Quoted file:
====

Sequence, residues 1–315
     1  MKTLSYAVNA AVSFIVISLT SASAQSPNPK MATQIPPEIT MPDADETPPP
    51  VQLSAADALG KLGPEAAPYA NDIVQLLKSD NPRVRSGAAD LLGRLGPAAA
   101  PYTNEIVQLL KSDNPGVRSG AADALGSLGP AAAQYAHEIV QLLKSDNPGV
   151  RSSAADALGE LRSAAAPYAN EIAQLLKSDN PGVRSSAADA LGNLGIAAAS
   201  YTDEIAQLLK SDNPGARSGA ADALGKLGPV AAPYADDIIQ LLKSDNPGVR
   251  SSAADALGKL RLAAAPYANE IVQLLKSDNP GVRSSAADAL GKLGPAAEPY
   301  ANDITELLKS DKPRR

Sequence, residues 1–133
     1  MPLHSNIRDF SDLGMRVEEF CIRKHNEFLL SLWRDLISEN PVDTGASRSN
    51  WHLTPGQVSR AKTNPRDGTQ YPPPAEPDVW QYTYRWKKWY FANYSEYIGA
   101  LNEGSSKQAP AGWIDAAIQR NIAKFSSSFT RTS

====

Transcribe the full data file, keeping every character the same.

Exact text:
Sequence, residues 1–315
     1  MKTLSYAVNA AVSFIVISLT SASAQSPNPK MATQIPPEIT MPDADETPPP
    51  VQLSAADALG KLGPEAAPYA NDIVQLLKSD NPRVRSGAAD LLGRLGPAAA
   101  PYTNEIVQLL KSDNPGVRSG AADALGSLGP AAAQYAHEIV QLLKSDNPGV
   151  RSSAADALGE LRSAAAPYAN EIAQLLKSDN PGVRSSAADA LGNLGIAAAS
   201  YTDEIAQLLK SDNPGARSGA ADALGKLGPV AAPYADDIIQ LLKSDNPGVR
   251  SSAADALGKL RLAAAPYANE IVQLLKSDNP GVRSSAADAL GKLGPAAEPY
   301  ANDITELLKS DKPRR

Sequence, residues 1–133
     1  MPLHSNIRDF SDLGMRVEEF CIRKHNEFLL SLWRDLISEN PVDTGASRSN
    51  WHLTPGQVSR AKTNPRDGTQ YPPPAEPDVW QYTYRWKKWY FANYSEYIGA
   101  LNEGSSKQAP AGWIDAAIQR NIAKFSSSFT RTS